|Beginning of the ascent:||3380m|
|San Pablo Lake:||2670m|
The Imbabura is the most representative mountain in the province of Imbabura, in Ecuador, much photographed for rising with a prominent cone from Lake San Pablo at 2670m to its maximum summit at 4640m, that is almost 2000 meters of agricultural land and paramos which end up on a steep gray rock. The Imbabura has a diameter of approximately 16km, around which are located very typical and picturesque cities and towns of the Ecuadorian highlands, such as Ibarra, Otavalo, Atuntaqui and San Pablo del Lago. The fertile valleys are also abundant, painted with all kinds of crops and some centennial haciendas now converted into inns, including Zuleta and Cusín.
Nudo de Mojanda Cajas; 12 kilometers in a straight line southwest of Ibarra; 60 km in a straight line northeast of Quito. There are two routes of approach to the Imbabura Volcano:
1) Normal Approach "Ibarra": In the city of Ibarra take the road that goes up to the town of La Esperanza. To get to this route it is necessary to enter the city, one possibility is to follow Avenida Teodoro Gómez de la Torre eastward and then Avenida El Retorno south until you reach the town of La Esperanza. Leaving the town towards Zuleta, you will see a small bridge; just before crossing it there is a cobbled road to the right that goes up an additional 5km towards the Imbabura.
2) Approach "Zuleta": Take the highway from Cayambe to Otavalo. Approximately 2.5km to the north and you will find a road to the right that leads to the towns of Ayora, Olmedo and Zuleta. Take this road and eventually you will reach Zuleta and later La Esperanza. Just before entering the town, you cross a small bridge and you will find on the left a path that goes up to the Imbabura for an additional 5km.
3) Alternative to the "Zuleta" approach: There is also the possibility of reaching the southern head of the San Pablo Lake, where there is a detour that leads to the town of San Pablo and later to Angochagua and La Esperanza.
|Ibarra – La Esperanza||25min||8km|
|La Esperanza – Hiking Start||10min||5km|
|Cayambe – La Esperanza||1h15min||38km|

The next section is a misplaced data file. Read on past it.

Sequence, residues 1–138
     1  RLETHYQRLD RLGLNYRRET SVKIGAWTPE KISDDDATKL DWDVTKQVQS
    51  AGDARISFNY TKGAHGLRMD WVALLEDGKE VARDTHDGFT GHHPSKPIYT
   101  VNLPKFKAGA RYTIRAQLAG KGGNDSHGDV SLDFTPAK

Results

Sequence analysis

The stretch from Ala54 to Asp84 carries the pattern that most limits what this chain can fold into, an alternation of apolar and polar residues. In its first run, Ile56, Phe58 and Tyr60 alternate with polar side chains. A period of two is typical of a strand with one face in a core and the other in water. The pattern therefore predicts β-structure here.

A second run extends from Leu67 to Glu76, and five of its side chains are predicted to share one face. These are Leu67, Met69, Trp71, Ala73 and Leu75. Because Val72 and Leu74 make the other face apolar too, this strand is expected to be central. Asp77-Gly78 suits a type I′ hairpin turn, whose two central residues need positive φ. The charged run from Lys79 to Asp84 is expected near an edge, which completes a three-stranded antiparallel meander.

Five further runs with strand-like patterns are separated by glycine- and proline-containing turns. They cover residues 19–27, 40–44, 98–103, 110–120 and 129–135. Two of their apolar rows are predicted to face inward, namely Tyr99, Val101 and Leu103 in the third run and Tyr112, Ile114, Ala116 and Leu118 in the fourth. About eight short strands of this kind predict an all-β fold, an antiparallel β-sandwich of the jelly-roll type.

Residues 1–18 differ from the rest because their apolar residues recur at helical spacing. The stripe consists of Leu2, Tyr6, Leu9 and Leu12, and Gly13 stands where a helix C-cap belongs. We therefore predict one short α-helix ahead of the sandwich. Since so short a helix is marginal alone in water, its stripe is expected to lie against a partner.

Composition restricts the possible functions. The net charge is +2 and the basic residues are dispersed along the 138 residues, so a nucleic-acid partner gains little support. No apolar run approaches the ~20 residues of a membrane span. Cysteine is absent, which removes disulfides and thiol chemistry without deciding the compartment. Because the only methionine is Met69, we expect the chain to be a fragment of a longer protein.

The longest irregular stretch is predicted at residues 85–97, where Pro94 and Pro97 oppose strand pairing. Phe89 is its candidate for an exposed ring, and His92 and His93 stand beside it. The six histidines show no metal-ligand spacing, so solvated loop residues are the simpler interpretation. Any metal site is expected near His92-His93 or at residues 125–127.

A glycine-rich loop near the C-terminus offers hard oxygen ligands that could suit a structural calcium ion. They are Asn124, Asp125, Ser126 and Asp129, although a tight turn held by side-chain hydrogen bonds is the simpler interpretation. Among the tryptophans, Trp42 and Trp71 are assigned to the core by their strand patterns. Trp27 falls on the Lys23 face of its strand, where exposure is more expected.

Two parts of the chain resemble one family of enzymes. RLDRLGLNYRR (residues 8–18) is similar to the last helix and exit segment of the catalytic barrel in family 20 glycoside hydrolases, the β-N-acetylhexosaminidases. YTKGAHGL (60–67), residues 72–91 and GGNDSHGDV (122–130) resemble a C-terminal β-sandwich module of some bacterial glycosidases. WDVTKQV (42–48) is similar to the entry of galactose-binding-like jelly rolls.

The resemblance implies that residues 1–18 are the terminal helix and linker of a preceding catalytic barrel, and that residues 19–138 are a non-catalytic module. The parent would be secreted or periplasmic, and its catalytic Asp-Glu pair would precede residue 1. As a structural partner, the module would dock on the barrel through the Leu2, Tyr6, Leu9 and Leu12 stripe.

- It is usually used a single day to ascent to the summit of this mountain. If departing from Quito, it will be necessary to leave at dawn or use 2 days.
- If you don't have private transportation, it is convenient to rent a pickup truck - taxi at the Ibarra central market. These pickup trucks can take you very close to the mountain.
- The valley of La Esperanza - Angochagua is very picturesque. If you don't plan to climb the Imbabura, it is advisable to follow the route from Cayambe to Ibarra; This is a classic of the Ecuadorian cycling.
- The ascent to the Imbabura Summit 1 is easy and recommended for anyone in good physical condition.
- The trail is quite clear until the Imbabura Summit 1; however, as in other Ecuadorian mountains, caution is advised because there have been missing people.
- The Imbabura is married with a very jealous cloud; this cloud almost permanently covers its rocks.
- The route from Summit 1 to the Highet Summit goes around the crater, mostly sand and easy rock, although there are small sections with up to an IV degree climbing. This route is only recommended for people with intermediate rock climbing experience.
There are some beautiful hikes on the Imbabura Volcano area:
- Ascent to the Imbabura summit, La Esperanza route
- Ascent to the Imbabura summit, San Pablo del Lago route
- San Pablo Lake Loop Road (bicycle route)
- Cayambe - Olmedo - Zuleta - Ibarra (bicycle route)
- Cubilché lagoon ascent
- Trekking to the Puruhanta Lagoon
The Imbabura is a type of volcanic building known as "composite stratovolcano", and is characterized by a large conical main building around which other smaller buildings have developed. In the case of Imbabura, the main building is known as Taita Imbabura, and the two main smaller buildings are known as Loma Artezón (to the north) and Huarmi Imbabura (to the south). The summit of Taita Imbabura is 4621 m asl.
The development of Taita Imbabura consisted mainly of eruptions of lava flows and explosions of small magnitude, which were building little by little the main building. Due to its large size, and to be crossed by an active fault, the Taita Imbabura building experienced two times the occurrence of huge landslides (volume> 1 km3) that involved large segments of the north and northwest flank of the volcano, which destroyed partially the building (Andrade, 2009).
The youngest part of the volcano corresponds to the small building of Huarmi Imbabura, located to the south of the complex and that began to form about 30 thousand years ago, initially with very explosive eruptions and then with more passive emissions of lava domes. There is evidence that the Imbabura has erupted about 8 thousand years ago (Le Pennec et al., 2010). In view of this recent activity and being surrounded by urban centers, the Imbabura is classified as a potentially active volcano and needs to be monitored.
Source: Instituto Geofísico de la EPN